Photo: The face page of the online petition concerning Belmont Center Reconstruction project.
After expressing their anger in on-line comments and message boards to a Belmont Board of Selectmen decision to approve a last-second petition driven design change to the Belmont Center Reconstruction Project, one resident has started his own petition in an attempt to have the Selectmen change their vote.
“I am circulating a petition calling for the restoration of Plan A and will be asking my fellow Town Meeting members and neighbors to join me in signing it,” wrote Paul Roberts, a Cross Street resident and Precinct 8 member, who placed his petition on the change.org website.
Roberts said he hoped the petition will spark the selectmen to reverse its earlier decision and call another public meeting, this time “to clear the air, explain their actions and discuss ways to make sure this doesn’t happen again.”
So far, there is no word from individual selectmen on this petition.
Roberts joined others expressing their surprise, discontent and disappointment to an unanimous vote by the selectmen at an unusual Thursday night meeting, on May 28, prompted by a petition drive led by 96-year-old Lydia Ogilby who sought to make changes to the project’s blueprints as work had already begun on the plan.
The changes Ogilby advocated restores a small number of parking spaces in front of the main branch of Belmont Savings Bank that supporters claimed are needed by the bank’s elderly customers. Also, the modification would also preserve a “cut through” connecting Moore Street with Concord Avenue, allowing drivers to avoid Leonard Street when seeking parking in the area.
The result of the new changes would eliminate the creation of a new “town green” in front of the bank. Under the altered design, the green space would become an island surrounded by vehicle traffic and parked cars.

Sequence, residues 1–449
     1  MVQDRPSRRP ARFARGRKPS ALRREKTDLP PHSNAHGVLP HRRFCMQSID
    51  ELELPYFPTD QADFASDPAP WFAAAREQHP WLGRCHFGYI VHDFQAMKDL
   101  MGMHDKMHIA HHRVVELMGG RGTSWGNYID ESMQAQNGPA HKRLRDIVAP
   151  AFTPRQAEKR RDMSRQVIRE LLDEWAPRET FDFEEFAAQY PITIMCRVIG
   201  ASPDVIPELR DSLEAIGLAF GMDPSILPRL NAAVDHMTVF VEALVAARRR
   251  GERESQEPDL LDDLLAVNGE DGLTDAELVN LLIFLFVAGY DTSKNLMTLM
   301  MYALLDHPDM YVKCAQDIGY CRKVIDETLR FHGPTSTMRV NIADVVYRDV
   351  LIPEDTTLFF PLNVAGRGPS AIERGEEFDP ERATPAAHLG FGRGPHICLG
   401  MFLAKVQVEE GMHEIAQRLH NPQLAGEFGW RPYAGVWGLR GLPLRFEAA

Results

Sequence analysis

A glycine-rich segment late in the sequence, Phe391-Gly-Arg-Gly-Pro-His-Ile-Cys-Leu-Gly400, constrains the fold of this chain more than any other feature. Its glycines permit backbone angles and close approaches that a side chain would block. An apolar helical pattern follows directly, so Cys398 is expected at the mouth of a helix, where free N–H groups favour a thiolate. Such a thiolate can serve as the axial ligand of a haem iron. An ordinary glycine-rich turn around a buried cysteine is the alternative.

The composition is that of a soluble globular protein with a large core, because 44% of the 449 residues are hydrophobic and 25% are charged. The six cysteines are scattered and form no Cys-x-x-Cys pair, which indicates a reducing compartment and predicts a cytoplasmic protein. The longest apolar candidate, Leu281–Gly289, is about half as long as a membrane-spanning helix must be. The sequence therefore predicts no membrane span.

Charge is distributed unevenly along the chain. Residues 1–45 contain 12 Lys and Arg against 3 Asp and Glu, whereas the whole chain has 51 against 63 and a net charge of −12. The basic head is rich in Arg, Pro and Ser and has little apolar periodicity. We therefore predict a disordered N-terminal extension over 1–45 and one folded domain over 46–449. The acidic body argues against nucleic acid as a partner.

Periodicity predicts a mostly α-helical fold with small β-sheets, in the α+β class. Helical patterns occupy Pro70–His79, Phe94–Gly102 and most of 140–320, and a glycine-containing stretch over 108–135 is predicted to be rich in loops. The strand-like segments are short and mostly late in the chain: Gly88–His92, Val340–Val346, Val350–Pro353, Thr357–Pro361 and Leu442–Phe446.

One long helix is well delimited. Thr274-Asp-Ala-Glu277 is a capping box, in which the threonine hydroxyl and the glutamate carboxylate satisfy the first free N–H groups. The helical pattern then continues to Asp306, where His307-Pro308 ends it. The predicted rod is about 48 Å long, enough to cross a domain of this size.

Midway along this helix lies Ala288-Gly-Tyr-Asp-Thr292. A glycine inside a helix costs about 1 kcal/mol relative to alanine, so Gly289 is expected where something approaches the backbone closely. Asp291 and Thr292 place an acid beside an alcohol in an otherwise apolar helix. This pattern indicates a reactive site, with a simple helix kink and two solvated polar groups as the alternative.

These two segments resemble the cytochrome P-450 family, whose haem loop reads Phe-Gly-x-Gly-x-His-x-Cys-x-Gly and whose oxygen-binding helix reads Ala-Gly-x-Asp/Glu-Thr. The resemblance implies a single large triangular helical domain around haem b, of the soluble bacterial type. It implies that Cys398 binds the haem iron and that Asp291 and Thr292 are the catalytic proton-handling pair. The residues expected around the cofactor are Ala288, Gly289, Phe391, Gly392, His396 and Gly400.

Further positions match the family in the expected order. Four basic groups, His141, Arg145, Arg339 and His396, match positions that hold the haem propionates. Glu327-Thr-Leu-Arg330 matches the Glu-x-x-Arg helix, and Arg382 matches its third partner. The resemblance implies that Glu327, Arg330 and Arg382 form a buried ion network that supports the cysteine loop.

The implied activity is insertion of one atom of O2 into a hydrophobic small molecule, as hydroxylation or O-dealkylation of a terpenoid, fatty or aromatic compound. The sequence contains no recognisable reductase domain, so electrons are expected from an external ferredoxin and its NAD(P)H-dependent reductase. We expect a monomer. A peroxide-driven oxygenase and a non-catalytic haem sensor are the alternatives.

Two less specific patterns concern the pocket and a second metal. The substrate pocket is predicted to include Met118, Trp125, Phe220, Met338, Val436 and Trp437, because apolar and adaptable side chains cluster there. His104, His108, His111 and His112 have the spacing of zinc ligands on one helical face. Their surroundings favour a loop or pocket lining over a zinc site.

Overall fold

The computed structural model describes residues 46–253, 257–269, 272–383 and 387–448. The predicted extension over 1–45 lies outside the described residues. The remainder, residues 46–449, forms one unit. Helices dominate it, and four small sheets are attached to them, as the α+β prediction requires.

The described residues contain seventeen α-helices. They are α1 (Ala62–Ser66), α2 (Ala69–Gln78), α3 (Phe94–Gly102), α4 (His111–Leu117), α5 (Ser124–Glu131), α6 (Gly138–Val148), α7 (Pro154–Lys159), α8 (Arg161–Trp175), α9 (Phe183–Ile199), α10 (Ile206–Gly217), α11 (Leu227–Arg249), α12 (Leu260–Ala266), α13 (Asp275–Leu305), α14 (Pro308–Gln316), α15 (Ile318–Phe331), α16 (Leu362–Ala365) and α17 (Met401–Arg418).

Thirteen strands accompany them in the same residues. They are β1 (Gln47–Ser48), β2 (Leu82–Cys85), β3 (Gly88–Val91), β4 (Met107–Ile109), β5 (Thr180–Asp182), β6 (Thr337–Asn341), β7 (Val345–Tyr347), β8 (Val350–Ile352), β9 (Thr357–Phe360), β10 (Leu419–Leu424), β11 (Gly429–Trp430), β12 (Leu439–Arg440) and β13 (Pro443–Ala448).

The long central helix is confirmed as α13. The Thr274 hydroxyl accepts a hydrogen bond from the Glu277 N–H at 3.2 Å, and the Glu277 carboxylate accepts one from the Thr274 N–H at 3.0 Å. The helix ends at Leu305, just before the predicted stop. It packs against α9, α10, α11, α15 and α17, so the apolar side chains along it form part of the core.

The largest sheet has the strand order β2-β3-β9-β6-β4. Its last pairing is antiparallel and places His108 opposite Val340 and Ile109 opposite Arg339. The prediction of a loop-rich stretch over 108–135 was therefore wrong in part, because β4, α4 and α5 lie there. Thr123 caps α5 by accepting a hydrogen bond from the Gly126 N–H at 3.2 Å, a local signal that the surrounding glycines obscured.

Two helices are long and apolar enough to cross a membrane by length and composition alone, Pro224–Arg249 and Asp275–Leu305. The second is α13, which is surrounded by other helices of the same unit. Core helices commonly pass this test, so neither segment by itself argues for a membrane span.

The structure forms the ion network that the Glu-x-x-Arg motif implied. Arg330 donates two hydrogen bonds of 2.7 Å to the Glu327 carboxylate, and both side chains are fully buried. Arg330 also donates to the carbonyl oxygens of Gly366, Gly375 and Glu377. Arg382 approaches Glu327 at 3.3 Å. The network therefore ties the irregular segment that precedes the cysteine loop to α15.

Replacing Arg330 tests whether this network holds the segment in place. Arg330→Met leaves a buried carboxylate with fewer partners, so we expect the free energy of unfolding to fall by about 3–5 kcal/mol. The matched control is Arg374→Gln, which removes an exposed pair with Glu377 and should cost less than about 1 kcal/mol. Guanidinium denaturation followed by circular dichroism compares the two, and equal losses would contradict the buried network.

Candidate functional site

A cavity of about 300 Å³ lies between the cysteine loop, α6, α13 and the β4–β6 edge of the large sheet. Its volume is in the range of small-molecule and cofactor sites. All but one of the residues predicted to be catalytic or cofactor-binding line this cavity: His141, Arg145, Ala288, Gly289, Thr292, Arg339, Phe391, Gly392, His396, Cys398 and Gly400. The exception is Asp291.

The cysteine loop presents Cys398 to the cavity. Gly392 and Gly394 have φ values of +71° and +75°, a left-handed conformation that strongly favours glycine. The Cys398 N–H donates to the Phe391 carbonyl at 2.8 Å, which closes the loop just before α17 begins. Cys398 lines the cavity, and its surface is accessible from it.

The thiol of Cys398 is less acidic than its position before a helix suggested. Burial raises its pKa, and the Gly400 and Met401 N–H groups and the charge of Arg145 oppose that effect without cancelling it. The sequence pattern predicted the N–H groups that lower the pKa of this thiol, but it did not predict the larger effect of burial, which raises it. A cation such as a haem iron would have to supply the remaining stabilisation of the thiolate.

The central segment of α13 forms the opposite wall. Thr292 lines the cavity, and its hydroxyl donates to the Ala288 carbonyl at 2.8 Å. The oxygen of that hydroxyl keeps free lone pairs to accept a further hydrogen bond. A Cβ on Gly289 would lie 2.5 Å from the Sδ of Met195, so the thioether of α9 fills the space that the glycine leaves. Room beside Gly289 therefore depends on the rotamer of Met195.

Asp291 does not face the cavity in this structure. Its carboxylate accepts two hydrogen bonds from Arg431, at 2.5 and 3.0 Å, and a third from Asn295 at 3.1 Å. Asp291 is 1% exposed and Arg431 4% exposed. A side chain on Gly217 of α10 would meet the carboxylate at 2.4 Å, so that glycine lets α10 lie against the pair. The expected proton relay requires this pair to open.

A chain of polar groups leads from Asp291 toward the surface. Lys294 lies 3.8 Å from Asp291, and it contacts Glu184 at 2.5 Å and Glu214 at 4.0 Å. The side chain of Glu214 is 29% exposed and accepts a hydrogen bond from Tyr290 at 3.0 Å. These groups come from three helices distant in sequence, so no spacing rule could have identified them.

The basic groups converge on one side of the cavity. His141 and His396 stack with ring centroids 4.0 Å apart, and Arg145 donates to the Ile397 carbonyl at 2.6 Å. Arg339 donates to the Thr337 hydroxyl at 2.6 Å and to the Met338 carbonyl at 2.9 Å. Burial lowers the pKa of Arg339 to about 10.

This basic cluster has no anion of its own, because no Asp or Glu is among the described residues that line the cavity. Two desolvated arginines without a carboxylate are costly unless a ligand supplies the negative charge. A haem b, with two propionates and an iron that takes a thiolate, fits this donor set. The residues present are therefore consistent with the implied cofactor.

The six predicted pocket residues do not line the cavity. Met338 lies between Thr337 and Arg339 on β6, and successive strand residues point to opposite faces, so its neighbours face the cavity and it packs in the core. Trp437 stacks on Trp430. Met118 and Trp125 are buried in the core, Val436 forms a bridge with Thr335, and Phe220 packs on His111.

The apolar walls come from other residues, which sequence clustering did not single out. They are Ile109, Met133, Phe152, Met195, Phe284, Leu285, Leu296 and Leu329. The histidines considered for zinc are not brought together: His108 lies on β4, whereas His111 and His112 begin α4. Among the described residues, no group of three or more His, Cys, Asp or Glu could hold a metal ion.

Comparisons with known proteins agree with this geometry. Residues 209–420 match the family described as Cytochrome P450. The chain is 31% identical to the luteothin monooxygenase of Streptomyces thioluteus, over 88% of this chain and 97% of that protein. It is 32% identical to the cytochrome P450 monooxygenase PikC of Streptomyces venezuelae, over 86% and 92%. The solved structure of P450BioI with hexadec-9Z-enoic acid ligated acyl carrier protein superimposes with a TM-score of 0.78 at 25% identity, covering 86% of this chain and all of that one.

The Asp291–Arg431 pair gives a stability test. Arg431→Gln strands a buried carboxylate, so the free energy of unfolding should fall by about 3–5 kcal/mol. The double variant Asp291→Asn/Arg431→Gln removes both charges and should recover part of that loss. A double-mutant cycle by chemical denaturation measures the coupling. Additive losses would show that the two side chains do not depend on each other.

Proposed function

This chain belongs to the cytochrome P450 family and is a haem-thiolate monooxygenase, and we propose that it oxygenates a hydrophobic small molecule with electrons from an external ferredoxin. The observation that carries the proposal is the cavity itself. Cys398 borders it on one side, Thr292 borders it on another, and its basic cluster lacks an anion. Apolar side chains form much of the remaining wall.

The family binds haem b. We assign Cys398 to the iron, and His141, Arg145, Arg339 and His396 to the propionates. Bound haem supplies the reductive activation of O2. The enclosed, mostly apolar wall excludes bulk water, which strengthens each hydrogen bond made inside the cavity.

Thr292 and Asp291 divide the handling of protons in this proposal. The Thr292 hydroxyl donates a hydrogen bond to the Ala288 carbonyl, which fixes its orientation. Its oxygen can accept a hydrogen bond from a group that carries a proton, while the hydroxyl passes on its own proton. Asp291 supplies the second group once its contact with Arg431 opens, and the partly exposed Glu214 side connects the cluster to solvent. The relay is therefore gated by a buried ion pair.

The alterations came seven months after a November 2014 Special Town Meeting approved the drawings and the project’s financing package.
Despite opposition to “Plan B” by residents and some stinging comments from Linda Nickens, Traffic Advisory Committee chair, which held four years of public meetings before approving the design which was approved by the Selectmen and Town Meeting, the Selectmen voted 3-0 for the changes.
The resulting comments – online in the Belmontonian and Google’s Belmont Moms community and public conversations – to the selectmen’s decision were quick to come with some pointed political jabs included.
“This seems like a poor precedent to set and an incredibly dangerous one that. I am very disappointed to be so poorly represented. Perhaps if my pedigree were better documented, I could bring about some real change… ” wrote Miriam Lapson in a Belmontonian comment.
“We have a major process problem if a small (and the apparently well-connected) group can make arbitrary last-minute changes to a plan that has been developed over years with broad community input,” wrote Mike Campisano.
“The result of these arbitrary changes to the plan will be to make Belmont Center less welcoming to pedestrians and more efficient as a pass through for drivers. How does that help any of the stakeholders?” he said.
Two days ago, Bonnie Friedman of Hay Road and Precinct 3, wrote a letter to the editor in the Belmontonian addressed to the selectmen in which she scolded the board for allowing it to be swayed by a small minority of residents in town.
“If a change is to be made at this point, a public process must be offered once again; no last minute substitutions to appease one small vocal minority. If this is not done correctly, the whole process is tainted and will be very difficult for the Selectmen to gain the confidence and monetary support of the town again,” she said.
For Roberts, the selectmen’s vote was “disgraceful” as it threw out the window “a months-long process out the window” hundreds of hours of volunteer time Traffic Advisory Committee.
“Their decision makes a mockery of this Town’s efforts to create a transparent, consensus-based, bottom-up process for planning and investment. Instead, it sends the clear message that the word of the Selectmen is written in sand. That even the most straight-forward projects in this town are political footballs to be kicked around and subject to the whims of powerful constituencies, rather than the will of the majority of voters and their representatives at Town Meeting,” he said.